I love to talk books. But if you’ve ever had me try to give you a recommendation, you know how hopeless I am at remembering titles and authors. For instance, a few years ago I read a fantasy novel that involved human knights who were responsible for keeping supernatural beings in check. The main character was a knight who was secretly half something supernatural (werewolf maybe?) and the novel was about his attempts to do his job, while protecting his secret identity. Anyone ever heard of that? Can’t for the life of me remember enough to find it again.*
This new page is my effort to get those recommendations out while I still remember them. I’m hoping you will check back from time to time and put your own recommendations in the comments. Happy reading!
Talking to the Dead by Harry Bingham is the first in a series about a Welsh detective named Fiona Griffiths, who has a fascination for the dead. The books are creepy, well-crafted and suspenseful, with a psychological twist. I just finished #4 This Thing of Darkness. See http://www.harrybingham.com/talking-to-the-dead/ Update: I just finished #6 The Deepest Grave. I think it might be the best yet, with the same otherworldly Fiona, but also a hunt for evidence of King Arthur.
The Illegal by Lawrence Hill is about a marathon runner who flees his fictional home country named Zantoroland to go to Freedom State. This award-winning novel has multi-dimensional characters, tension and suspense, as well as as parallels to real-life situations today.
The Rosie Project by Graeme Simsion is a delightful view into the mind of Don Tillman, a genetics professor, whose social skills make life awkward, but whose intelligence and good intentions shine through as he tries to find a woman to share his life. There is at least one sequel, The Rosie Effect.
The Cuckoo’s Calling by Robert Galbraith (J.K.Rowling) is the first in a series about Cormoran Strike, a former military police officer turned private detective. The characters are in depth and believable, the world is detailed and exact, and the plots are full of twists and turns to keep you guessing.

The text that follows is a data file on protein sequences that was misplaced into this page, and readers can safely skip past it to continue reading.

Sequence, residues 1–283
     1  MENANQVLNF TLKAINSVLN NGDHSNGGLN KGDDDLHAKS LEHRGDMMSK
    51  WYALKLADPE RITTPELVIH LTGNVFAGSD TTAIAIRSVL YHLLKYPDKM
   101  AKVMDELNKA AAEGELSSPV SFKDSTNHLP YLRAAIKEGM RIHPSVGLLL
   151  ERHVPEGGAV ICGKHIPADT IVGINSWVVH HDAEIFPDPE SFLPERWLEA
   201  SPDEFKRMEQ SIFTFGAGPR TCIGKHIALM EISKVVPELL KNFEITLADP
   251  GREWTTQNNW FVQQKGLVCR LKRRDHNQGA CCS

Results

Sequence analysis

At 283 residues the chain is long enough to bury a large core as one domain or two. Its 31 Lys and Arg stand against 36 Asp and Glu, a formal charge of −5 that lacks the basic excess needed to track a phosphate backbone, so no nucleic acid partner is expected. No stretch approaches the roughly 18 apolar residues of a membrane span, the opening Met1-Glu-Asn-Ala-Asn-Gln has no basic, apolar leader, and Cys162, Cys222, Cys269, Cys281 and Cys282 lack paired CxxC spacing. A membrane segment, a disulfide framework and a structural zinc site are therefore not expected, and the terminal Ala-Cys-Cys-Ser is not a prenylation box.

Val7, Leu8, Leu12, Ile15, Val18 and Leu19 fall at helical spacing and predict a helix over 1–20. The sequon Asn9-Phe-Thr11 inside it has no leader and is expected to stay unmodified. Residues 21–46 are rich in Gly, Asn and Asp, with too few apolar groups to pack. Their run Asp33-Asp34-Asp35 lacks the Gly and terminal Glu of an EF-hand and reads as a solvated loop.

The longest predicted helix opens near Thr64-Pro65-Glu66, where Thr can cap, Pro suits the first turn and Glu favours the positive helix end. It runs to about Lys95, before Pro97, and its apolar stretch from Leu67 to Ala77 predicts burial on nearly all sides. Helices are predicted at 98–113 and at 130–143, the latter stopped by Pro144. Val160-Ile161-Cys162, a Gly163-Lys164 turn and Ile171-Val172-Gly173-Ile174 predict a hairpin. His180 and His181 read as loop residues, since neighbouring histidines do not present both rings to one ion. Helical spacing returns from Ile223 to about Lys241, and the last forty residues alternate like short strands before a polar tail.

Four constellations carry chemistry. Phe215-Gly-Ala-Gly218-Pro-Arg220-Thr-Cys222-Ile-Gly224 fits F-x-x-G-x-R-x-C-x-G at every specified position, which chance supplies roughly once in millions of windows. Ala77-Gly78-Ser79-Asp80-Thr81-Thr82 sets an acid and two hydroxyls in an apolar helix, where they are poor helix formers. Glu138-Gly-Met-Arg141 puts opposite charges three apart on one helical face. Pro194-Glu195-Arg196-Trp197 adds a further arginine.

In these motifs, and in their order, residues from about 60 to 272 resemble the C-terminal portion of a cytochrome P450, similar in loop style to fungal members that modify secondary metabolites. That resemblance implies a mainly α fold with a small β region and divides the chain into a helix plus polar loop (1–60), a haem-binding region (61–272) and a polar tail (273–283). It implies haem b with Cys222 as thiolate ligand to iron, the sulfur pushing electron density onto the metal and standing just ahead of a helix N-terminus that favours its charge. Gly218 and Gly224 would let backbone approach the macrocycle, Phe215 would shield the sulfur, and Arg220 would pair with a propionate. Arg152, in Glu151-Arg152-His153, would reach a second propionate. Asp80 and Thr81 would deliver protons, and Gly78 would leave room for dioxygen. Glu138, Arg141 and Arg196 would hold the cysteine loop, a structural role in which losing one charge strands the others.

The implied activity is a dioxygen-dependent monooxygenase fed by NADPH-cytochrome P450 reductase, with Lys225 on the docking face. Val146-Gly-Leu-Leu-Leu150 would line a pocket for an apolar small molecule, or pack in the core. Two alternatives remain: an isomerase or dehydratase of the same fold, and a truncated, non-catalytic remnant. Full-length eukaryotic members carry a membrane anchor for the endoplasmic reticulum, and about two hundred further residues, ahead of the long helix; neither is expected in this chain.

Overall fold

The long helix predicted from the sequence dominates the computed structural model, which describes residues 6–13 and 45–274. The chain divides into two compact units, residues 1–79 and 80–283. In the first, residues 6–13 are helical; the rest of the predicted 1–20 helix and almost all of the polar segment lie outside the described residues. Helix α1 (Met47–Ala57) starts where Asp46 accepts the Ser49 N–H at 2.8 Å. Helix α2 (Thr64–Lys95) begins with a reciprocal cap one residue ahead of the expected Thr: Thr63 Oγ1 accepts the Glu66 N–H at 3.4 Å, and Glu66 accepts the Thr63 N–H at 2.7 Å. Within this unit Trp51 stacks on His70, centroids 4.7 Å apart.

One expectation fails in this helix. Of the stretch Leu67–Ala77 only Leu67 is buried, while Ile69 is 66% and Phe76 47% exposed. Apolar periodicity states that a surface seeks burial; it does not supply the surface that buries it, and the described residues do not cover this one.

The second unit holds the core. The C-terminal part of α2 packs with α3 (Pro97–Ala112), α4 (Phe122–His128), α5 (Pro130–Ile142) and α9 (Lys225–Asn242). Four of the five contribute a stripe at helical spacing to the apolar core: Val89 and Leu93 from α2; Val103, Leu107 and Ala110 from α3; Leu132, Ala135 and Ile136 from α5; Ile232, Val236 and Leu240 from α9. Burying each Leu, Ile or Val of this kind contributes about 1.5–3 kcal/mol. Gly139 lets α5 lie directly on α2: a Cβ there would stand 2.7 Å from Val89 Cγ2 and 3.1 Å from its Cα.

The Next by Stephanie Gangi isn’t a great book, but there’s something about it. It took me fifty pages to decide if I’d keep reading. But it is unique and pure poetry in places. The relationships are deep and rich. Joanna dies of cancer and comes back to haunt the man who hurt her, while her daughters try to cope with her passing.
The Garden of Small Beginnings by Abbi Waxman is a funny and heartwarming story about a woman dealing with the death of her husband, being a single mom, her screwy family and the prospect of moving on with her life.
I See You by Clare Mackintosh is a tense, nail biting story told from three viewpoints. The first person view of one of the potential victims, the unnamed villian who spies on women on their daily commute, and the police officer investigating the crimes. It’s well-crafted and frightening and you will not see the ending coming.
Favorite fantasy series: Women of the Otherworld, starting with Bitten, by Kelley Armstrong. Books are written around individual, strong female characters, but weave together into fantasy world of werewolves, vampires, witches and more.
Favorite laugh-out-loud series: the Stephanie Plum books by Janet Evanovich, starting with One for the Money. Stephanie is an inept bounty hunter who somehow always gets her man.
Favorite proper-Southern-lady-gets-into-trouble series: Miss Julia books by Ann B. Ross. Miss Julia’s philandering husband dies. When she ends up taking in his mistress and their son, her life will never be the same, in a good way. Good G rated fun.
*Mystery solved! I found it at the library. The book is called Charming and it’s the first in a series by Elliott James. Not great literature, but fun, fast moving, supernatural entertainment.